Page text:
A weekly newspaper overturned a court order banning the naming of elderly care home residents who were victims of abuse.
The West Briton successfully challenged reporting restrictions on the names of the alleged abuse victims – five of whom were dead – after the prosecutor who requested them admitted they had no legal basis.
The newspaper learned of the ruling at the start of the three-day trial at Truro Crown Court of Fiona Salmon, 40, of Camborne, Cornwall, on seven charges of ill-treating or neglecting elderly care home residents.
Judge Graham Cottle had imposed an order at a previous hearing after a request on behalf of the victims’ families.
Querying the order, West Briton reporter Katri Iivonen-Gray was told it had been made under the Contempt of Court Act 1981. No specific section was identified.
Although undecided about whether it would publish the names, the newspaper submitted a challenge to the order, which the Judge said he would deal with it after the trial concluded.
However after the jury retired, Philip Lee, for the Crown Prosecution Service, admitted he had examined the matter and concluded the court had no power to prohibit the publication.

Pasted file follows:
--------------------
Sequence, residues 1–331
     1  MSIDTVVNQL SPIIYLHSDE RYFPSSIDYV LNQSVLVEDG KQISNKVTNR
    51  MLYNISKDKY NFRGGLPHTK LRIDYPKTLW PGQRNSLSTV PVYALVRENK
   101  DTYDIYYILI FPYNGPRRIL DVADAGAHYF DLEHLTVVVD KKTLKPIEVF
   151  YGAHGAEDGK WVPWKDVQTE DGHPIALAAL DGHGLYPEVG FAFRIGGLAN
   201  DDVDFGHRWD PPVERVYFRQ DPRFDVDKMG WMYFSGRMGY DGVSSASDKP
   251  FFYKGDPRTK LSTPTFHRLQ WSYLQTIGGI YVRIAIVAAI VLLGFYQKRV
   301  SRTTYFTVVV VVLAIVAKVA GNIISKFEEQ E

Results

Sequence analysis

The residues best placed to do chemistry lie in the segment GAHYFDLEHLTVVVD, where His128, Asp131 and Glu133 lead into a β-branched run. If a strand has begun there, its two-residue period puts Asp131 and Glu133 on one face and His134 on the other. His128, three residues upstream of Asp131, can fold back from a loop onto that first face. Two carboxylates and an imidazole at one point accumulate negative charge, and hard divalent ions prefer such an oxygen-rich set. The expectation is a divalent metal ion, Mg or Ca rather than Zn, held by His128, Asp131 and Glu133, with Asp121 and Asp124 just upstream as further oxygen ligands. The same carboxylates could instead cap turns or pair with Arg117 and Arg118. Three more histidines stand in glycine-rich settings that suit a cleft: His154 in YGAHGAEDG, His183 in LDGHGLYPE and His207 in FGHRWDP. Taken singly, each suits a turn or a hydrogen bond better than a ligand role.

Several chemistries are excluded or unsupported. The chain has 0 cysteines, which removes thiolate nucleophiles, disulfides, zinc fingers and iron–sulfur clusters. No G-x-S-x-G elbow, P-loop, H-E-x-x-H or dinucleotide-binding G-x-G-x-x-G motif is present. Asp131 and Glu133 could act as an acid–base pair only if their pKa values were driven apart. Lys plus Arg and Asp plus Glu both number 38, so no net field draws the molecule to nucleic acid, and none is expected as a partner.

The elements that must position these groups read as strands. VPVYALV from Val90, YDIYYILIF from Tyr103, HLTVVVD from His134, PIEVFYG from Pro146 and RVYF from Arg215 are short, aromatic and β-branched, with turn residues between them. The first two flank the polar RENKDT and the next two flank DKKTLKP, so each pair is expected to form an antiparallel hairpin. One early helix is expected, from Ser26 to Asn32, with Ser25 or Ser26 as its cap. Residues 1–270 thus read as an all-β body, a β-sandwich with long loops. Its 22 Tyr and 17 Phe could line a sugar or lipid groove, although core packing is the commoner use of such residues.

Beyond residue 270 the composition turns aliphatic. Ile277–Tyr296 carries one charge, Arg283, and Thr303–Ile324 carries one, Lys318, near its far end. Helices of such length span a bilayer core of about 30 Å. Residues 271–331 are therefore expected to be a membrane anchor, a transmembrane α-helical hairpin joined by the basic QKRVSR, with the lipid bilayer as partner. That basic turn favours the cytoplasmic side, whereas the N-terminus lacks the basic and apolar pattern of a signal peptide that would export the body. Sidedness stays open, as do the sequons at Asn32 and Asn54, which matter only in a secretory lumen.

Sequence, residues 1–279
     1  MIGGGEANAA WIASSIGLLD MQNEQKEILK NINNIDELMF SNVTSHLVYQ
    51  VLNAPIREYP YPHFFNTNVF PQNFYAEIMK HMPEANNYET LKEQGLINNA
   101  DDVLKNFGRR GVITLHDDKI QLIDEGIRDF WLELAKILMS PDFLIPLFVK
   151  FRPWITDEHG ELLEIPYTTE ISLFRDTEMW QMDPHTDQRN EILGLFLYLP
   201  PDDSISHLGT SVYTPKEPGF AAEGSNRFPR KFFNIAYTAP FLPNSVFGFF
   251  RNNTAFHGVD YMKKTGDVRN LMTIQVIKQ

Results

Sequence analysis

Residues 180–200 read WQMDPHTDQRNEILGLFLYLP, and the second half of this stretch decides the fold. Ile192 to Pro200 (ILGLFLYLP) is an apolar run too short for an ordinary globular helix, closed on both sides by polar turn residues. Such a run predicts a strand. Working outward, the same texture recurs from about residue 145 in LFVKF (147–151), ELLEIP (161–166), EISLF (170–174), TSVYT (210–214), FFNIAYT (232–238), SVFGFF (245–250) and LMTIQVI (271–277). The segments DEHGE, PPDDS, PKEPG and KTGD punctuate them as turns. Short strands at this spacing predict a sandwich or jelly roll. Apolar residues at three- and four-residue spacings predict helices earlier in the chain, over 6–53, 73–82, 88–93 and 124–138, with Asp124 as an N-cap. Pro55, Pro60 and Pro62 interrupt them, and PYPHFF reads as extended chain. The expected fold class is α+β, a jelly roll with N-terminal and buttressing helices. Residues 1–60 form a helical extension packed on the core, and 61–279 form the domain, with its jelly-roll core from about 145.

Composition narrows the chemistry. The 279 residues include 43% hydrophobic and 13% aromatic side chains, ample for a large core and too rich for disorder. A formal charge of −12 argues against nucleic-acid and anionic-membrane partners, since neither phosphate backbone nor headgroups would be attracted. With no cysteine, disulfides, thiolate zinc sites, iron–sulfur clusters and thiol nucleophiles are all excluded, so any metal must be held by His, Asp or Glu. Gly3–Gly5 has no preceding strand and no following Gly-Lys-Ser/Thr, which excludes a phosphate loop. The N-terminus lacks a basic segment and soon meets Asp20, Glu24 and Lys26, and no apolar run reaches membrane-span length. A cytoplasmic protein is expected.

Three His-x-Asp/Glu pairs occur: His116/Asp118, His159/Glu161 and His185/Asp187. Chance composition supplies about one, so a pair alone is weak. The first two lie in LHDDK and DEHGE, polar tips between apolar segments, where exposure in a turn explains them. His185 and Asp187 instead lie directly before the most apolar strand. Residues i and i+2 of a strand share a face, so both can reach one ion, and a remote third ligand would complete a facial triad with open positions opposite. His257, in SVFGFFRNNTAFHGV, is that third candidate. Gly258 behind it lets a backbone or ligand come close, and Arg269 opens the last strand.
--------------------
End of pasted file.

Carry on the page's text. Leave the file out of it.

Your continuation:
He also said he had consulted with the families who now understood the “position” adding: “I do not have any proper argument against moving the restrictions.”
Judge Neligan then agreed to remove the Contempt of Court Act order allowing the West Briton to name all the seven victims.
West Briton editor Richard Best said: “Naming the victims was actually not essential to this story, but it was all about the principle at stake. Had all of the victims been alive it would still have been one to challenge, but as five out of seven of them were dead it was difficult to see any grounds on which the ban on identification could be supported.
“Sarah Branthwaite, from Foot Anstey solicitors, helped us with the relevant case law for a compelling letter and Katri hand-delivered it to the court despite the fact it had finished sitting for the day.
“It’s great that not only the judge but the prosecutor not only read the letter but acted on its contents, and well done to Katri for having the gumption to stick with it.”
Salmon was found guilty on all counts.